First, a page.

Harrell Reviews the 7.62×25 Tokarev
Russ Chastain 07.29.19
Here’s a video about the 7.62×25 Tokarev cartridge, a necked-down pistol round that was developed nearly a hundred years ago. Er, scratch that. That’s when it was more or less stolen from Mauser by the Russians (Soviets), who made tiny modifications to the 7.63x25mm Mauser and loaded it more powerfully. This makes it safe to use the Mauser groceries in a Tokarev-chambered firearm, but NOT vice-versa.
Typically terse, the video description simply says:
Paul tests the effectiveness of 7.62×25 Tokarev ammo out of a pistol, and a carbine.
What we have here is a round that sends its light bullet at high velocities, which is something many people adore. I’m not one of them — I prefer heavier slugs — but different strokes and all that.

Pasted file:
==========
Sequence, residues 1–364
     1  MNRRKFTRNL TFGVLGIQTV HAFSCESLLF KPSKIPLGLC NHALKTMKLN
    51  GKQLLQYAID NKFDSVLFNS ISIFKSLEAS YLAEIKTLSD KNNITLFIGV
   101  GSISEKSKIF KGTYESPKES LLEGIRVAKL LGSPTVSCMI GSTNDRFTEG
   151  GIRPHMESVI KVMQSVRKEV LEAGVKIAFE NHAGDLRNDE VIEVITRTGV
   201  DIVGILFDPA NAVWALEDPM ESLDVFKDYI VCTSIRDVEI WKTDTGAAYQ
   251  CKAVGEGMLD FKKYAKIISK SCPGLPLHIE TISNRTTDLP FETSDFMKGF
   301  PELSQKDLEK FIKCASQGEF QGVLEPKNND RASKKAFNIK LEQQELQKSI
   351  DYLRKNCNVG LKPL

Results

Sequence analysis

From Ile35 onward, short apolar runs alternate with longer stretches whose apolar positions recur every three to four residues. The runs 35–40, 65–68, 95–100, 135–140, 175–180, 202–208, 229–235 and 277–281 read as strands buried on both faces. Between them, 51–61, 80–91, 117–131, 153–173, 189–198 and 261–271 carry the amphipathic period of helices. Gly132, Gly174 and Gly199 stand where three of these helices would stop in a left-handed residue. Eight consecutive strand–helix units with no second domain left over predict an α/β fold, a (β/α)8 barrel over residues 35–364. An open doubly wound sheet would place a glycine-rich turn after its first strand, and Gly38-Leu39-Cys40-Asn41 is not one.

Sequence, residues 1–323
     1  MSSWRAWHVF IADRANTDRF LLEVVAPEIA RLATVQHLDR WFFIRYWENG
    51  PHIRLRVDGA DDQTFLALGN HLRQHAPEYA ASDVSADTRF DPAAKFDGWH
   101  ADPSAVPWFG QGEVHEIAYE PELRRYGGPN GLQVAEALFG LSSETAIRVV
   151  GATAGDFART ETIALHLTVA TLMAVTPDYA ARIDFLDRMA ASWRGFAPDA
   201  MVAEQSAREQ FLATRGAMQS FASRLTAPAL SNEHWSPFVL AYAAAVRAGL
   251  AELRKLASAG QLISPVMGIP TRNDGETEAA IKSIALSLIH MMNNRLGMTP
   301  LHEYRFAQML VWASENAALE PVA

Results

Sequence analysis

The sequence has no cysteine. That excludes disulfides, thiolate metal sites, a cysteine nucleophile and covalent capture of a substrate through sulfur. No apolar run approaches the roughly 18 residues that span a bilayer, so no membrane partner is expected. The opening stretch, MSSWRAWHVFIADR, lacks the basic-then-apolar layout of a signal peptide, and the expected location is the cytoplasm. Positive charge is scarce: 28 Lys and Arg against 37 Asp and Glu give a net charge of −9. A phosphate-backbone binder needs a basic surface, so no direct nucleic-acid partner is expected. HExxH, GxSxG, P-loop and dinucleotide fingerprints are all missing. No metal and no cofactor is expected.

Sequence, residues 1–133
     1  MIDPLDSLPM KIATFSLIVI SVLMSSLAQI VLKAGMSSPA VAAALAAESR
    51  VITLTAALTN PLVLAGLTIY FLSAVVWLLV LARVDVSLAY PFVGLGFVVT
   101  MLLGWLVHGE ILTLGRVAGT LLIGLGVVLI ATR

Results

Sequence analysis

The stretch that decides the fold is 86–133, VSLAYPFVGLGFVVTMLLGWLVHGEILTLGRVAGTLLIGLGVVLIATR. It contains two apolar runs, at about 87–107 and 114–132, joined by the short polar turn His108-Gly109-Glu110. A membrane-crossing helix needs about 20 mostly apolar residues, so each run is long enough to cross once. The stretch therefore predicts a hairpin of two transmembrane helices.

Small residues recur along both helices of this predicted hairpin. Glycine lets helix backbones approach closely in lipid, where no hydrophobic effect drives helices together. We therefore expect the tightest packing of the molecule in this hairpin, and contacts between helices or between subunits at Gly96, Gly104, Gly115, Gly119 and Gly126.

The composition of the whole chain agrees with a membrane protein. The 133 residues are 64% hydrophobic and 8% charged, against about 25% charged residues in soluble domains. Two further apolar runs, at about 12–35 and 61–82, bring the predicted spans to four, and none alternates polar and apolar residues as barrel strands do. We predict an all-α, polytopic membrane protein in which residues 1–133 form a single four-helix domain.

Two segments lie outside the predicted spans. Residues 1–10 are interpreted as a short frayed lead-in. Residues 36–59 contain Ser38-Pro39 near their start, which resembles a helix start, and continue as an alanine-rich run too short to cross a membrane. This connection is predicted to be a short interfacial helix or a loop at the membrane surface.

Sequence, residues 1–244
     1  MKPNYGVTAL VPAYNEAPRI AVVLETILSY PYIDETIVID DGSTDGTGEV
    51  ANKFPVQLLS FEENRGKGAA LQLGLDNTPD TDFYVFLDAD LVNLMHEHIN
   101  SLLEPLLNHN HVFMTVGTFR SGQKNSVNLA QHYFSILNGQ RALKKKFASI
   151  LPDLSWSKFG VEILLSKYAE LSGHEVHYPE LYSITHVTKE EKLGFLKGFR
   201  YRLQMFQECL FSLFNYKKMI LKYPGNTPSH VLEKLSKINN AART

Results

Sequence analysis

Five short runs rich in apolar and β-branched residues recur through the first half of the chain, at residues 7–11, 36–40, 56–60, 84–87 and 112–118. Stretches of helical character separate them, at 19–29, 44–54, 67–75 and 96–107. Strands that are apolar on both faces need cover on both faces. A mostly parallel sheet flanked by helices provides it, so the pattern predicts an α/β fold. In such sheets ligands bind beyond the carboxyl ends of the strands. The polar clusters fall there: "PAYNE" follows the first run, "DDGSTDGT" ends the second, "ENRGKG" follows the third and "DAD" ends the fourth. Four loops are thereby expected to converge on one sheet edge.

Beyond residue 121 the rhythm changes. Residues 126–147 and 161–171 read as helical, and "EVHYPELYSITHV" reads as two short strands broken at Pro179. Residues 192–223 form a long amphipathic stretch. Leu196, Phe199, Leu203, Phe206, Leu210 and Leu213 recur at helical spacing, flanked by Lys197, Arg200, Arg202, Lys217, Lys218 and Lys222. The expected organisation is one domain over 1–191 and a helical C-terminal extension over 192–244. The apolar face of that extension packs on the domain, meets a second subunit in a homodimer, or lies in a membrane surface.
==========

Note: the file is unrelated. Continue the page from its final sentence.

He begins by shooting some various ammo through a CZ 52 pistol, first through a chronograph and then into the patented Meat Target. The results were, shall we say, disappointing.
He then moves on to a Polish PPS-43CS carbine in an attempt to measure the increased velocity of using such a firearm in lieu of a handgun. The results are impressive, even from its 9-inch barrel.
In an accuracy test, he shows that commercial ammo often does much better than el cheapo Eastern Bloc ammo… and that you can indeed shoot a nice group with the 7.62×25 Tokarev.
It’s an interesting cartridge — what cartridge isn’t? — but not one I’d choose on purpose due to ammo availability and cost, not to mention the lack of good ammo for self-defense.
Paul likes it okay — for hunting jackrabbits.
What do you think of the 7.62×25 Tokarev? Let us know in the comments below.